When is Hip Replacement Surgery Needed?

Out of all orthopedic surgeries performed for any reason on any bone or joint, a hip replacement has the greatest patient satisfaction.

One of the reasons why hip replacements are so successful is due to careful patient selection; not everyone needs a hip replacement.

When deciding to undergo hip replacement surgery there are three main points to discuss.

  1. What is the pathology in the hip the hip replacement is treating?

Hip replacements are performed for many different reasons, the most common being osteoarthritis.

Osteoarthritis is due to degeneration of the smooth cartilage surface of the hip joint.

When the cartilage is lost the hip motion is painful and limited. Another but less common reason to undergo a hip replacement is for Avascular necrosis of the hip or AVN.

This occurs when blood supply to the head of the femur is lost and the bone begins die.

The bone death causes the femoral head (or the ball part of the ball and socket joint) to lose its spherical shape and collapse.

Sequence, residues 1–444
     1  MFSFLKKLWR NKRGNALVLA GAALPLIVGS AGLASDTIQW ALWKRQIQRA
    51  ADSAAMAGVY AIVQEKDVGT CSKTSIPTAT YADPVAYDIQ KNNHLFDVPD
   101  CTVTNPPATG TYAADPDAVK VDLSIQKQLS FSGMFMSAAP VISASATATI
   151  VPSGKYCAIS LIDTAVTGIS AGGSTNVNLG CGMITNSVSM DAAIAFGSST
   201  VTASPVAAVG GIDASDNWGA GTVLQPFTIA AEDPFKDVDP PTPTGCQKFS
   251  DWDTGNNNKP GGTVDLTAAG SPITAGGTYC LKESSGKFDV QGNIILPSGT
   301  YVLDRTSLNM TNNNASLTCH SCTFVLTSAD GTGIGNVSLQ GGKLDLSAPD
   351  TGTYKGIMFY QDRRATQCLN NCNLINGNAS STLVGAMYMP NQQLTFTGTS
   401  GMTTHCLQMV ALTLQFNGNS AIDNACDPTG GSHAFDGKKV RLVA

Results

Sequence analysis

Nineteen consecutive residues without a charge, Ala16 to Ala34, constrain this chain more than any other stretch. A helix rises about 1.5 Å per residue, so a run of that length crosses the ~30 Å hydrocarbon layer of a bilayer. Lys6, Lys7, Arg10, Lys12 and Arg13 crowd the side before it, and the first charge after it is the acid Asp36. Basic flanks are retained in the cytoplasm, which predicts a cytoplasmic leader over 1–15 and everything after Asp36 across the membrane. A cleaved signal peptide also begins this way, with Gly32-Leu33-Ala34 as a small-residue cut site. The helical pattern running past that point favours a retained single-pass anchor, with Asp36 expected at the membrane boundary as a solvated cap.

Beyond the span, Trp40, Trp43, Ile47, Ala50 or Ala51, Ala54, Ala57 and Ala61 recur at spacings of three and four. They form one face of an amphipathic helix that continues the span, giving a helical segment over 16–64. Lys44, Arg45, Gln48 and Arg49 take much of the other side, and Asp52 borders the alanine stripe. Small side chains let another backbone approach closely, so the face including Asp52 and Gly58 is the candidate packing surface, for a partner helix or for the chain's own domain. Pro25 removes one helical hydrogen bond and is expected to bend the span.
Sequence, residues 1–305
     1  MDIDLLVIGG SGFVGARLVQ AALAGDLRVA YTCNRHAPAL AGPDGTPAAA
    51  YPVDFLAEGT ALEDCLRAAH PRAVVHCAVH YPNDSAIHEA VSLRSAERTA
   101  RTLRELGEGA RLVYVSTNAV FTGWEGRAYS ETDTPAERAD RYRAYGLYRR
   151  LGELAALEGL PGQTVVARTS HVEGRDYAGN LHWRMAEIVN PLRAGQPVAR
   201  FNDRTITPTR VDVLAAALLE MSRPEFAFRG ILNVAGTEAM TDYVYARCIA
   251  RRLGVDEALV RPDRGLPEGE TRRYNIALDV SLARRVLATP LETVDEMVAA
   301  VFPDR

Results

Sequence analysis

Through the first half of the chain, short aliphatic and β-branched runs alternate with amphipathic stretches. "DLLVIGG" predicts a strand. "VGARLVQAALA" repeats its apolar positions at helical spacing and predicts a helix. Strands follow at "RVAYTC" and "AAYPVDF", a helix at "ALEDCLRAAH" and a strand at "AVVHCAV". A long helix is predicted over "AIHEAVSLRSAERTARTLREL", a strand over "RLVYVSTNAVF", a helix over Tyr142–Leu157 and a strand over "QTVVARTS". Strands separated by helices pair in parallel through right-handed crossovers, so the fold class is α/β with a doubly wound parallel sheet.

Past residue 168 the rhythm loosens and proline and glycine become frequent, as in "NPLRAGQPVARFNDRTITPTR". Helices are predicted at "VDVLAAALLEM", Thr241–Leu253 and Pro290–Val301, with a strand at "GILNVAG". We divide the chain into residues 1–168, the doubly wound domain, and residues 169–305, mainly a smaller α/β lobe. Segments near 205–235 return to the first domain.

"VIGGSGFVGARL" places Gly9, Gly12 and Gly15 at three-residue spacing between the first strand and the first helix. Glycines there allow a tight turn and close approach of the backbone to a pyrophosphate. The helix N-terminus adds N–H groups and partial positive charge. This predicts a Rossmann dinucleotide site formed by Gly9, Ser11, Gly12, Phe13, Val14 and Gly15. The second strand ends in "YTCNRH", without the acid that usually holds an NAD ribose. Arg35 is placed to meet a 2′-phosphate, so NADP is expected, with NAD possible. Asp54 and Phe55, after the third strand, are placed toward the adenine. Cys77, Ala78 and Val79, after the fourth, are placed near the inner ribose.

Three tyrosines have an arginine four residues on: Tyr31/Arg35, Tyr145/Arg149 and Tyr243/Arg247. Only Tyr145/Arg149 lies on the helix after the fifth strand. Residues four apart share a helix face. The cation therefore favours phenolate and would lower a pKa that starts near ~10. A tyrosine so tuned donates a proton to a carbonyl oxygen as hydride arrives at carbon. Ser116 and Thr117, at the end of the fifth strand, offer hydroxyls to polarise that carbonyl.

A third reason to undergo a hip replacement is for a hip fracture. This usually occurs in patients with osteoporosis who fall on their hip breaking the femoral neck.

  1. Have all the non-operative treatments been tried and exhausted?

If you have osteoarthritis of your hip the first treatment should not be a hip replacement.

Initial treatments include the following: physical therapy to strengthen the muscles supporting the hip joint.

Anti-inflammatory medications, which include Advil, Aleve, Motrin, and other prescription strength medication can also help with the pain caused by osteoarthritis.

Lastly an injection into the hip joint can be helpful as well. These injections are usually steroid injections aimed at decreasing inflammation in the joint which will help with pain.

  1. How much is the hip pain effecting the patient’s life?

I always tell my patient’s that they are ready for a hip replacement when their hip pain is effecting there regular daily activities and prohibiting them from participating in the activities they love to do.

The patient should always be the one making the decision to undergo a hip replacement, because only they truly know how much pain they have, and how much pain they are willing to live with.

If you have hip pain that is greatly effecting your life, make an appointment with your orthopedic surgeon at Westchester Sport and Spine to discuss treatment options.


Dr. Michael Gott is a Westchester orthopedic surgeon who is fellowship trained in sports medicine. He has also been an active member of the National Ski Patrol as well as a Member of the Windham Mountain Ski Patrol for 18 years.